"Tribal Conga" emerged at about the same time, but sounds totally different - a slightly unnerving combination of itching, rollicking tribal percussion, a frail-sounding high-pitched piano hook and valkyrie synths hovering warningly in the distance, while sly trombones provide a sludgy, ennervated central hook, the musical equivalent of a car failing to start - only, bizarrely, it works brilliantly. Whereas the structure of "House Girls Part One" is deliberately simple and flat, an endless plane upon which discrete effects can run parallel to one another (in a Kraftwerkian, music as an autobahn sense), on "Tribal Conga" all the elements are mutually implicated, impossible to detangle from their intricate state of codependency. It's not straightforwardly banging enough to be an anthem proper, but it's the kind of track that's always a pleasure to listen to, a welcome presence in the mix as it adds an air of understated malevolence. In typically connoisseurial fashion, MC Rankin' always singles it out for special mention, marveling at the piano hook in particular - dude knows what he's talking about it when it comes to this stuff.

The simultaneous appearance of two such different takes on the funky template - both by main producer Mad One - have set the tone for the group's subsequent efforts, which seem to jump from idea to idea with little in the way of consistency beyond that general sensibility of urbanized house music. "Gotta Have It" is a ridiculously catchy, ants in yr pants number, a descending piano riff and a scatting female vocal (sounding like "Dah dahp! Daah hrurvurr!") set against a straight 4X4 kick drum that then drops into a riveting drum solo of ostentatious broken beat fiddliness. Here Mad One is playing off the seeming contradiction between funky's house-based simplicity and rhythmic adventurousness, the frenzied leap from one pole to the other and back again a literal staging of funky's entire complicated relationship with house music - without the friction building tension of the 4X4 sections, the sudden bursts of funk drums would be meaningless, but in context the effect is thrilling.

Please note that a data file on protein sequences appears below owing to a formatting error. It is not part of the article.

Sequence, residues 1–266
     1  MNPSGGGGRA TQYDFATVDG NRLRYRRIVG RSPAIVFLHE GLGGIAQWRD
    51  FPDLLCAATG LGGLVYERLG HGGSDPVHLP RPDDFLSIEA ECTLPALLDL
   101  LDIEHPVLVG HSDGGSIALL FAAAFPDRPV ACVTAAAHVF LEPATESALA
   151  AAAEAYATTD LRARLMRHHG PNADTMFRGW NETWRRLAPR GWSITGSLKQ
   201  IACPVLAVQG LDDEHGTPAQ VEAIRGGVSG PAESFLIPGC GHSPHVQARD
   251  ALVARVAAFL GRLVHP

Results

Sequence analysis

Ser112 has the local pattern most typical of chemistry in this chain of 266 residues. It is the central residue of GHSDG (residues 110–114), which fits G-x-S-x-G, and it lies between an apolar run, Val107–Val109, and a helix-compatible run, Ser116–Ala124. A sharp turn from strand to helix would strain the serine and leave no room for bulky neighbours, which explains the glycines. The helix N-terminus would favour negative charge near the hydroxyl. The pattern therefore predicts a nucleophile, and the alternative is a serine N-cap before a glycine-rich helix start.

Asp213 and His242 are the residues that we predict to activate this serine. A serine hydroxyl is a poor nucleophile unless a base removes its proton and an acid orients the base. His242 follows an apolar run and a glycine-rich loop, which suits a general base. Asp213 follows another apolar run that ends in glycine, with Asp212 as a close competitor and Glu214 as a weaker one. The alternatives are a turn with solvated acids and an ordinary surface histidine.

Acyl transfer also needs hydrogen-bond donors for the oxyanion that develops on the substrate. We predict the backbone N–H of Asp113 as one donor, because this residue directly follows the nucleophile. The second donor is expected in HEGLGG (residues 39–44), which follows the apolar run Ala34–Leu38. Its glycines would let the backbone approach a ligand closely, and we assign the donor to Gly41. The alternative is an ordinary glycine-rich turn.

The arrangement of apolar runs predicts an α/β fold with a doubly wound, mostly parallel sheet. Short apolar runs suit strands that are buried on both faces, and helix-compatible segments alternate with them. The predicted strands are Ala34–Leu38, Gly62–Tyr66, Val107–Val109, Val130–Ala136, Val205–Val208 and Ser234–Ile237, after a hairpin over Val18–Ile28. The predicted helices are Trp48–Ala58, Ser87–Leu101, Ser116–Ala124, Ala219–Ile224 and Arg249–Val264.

"When, Where" is pounding bleep-house enlivened with gorgeously cheesy salsa-tinged high-pitched female vocals but threatened by an ominous trombone bassline. "Dirty Funk" is the kind of raw but musical instrumental cut that (like the VIP remix of DJ Naughty's "Quicktime") seems to recall grime while never actually sounding like it, all cutting tribal percussion and ominous synth-strings. "Never Coming Out" is high-drama piano-house, its insistent, tugging riffs reminding me of Fuzzy Logick at his most classicist, while its even larger sequel "Never Coming Out Part 2" swathes the same structure with seething synth sweeps and supple samba piano ripples, and then enormous string stabs heralding the end of the world. "Night Train" is practically hard techno, its ruthless percussion loop and nervous strings building a taut, anxious groove with not an ounce of fat or softness - Fagan Lee has compared it to Dave Clarke, which is spot on.